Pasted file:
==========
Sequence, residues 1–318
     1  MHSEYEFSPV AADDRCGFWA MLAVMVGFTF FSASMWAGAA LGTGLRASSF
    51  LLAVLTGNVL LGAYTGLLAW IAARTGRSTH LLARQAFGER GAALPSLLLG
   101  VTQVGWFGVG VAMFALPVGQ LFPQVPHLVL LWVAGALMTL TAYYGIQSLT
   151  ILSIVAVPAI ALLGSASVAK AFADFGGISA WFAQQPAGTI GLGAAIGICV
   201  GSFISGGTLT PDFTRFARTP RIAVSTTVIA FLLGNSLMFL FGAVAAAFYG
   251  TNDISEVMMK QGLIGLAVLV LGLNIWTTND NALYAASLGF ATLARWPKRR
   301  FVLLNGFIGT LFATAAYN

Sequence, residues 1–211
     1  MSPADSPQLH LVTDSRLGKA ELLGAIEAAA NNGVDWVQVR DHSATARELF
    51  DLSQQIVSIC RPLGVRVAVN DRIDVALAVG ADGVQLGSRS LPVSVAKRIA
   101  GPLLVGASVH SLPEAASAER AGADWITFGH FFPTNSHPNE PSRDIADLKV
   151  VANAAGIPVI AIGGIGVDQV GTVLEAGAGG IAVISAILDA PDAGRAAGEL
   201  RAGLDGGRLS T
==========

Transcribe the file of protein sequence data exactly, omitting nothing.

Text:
Sequence, residues 1–318
     1  MHSEYEFSPV AADDRCGFWA MLAVMVGFTF FSASMWAGAA LGTGLRASSF
    51  LLAVLTGNVL LGAYTGLLAW IAARTGRSTH LLARQAFGER GAALPSLLLG
   101  VTQVGWFGVG VAMFALPVGQ LFPQVPHLVL LWVAGALMTL TAYYGIQSLT
   151  ILSIVAVPAI ALLGSASVAK AFADFGGISA WFAQQPAGTI GLGAAIGICV
   201  GSFISGGTLT PDFTRFARTP RIAVSTTVIA FLLGNSLMFL FGAVAAAFYG
   251  TNDISEVMMK QGLIGLAVLV LGLNIWTTND NALYAASLGF ATLARWPKRR
   301  FVLLNGFIGT LFATAAYN

Sequence, residues 1–211
     1  MSPADSPQLH LVTDSRLGKA ELLGAIEAAA NNGVDWVQVR DHSATARELF
    51  DLSQQIVSIC RPLGVRVAVN DRIDVALAVG ADGVQLGSRS LPVSVAKRIA
   101  GPLLVGASVH SLPEAASAER AGADWITFGH FFPTNSHPNE PSRDIADLKV
   151  VANAAGIPVI AIGGIGVDQV GTVLEAGAGG IAVISAILDA PDAGRAAGEL
   201  RAGLDGGRLS T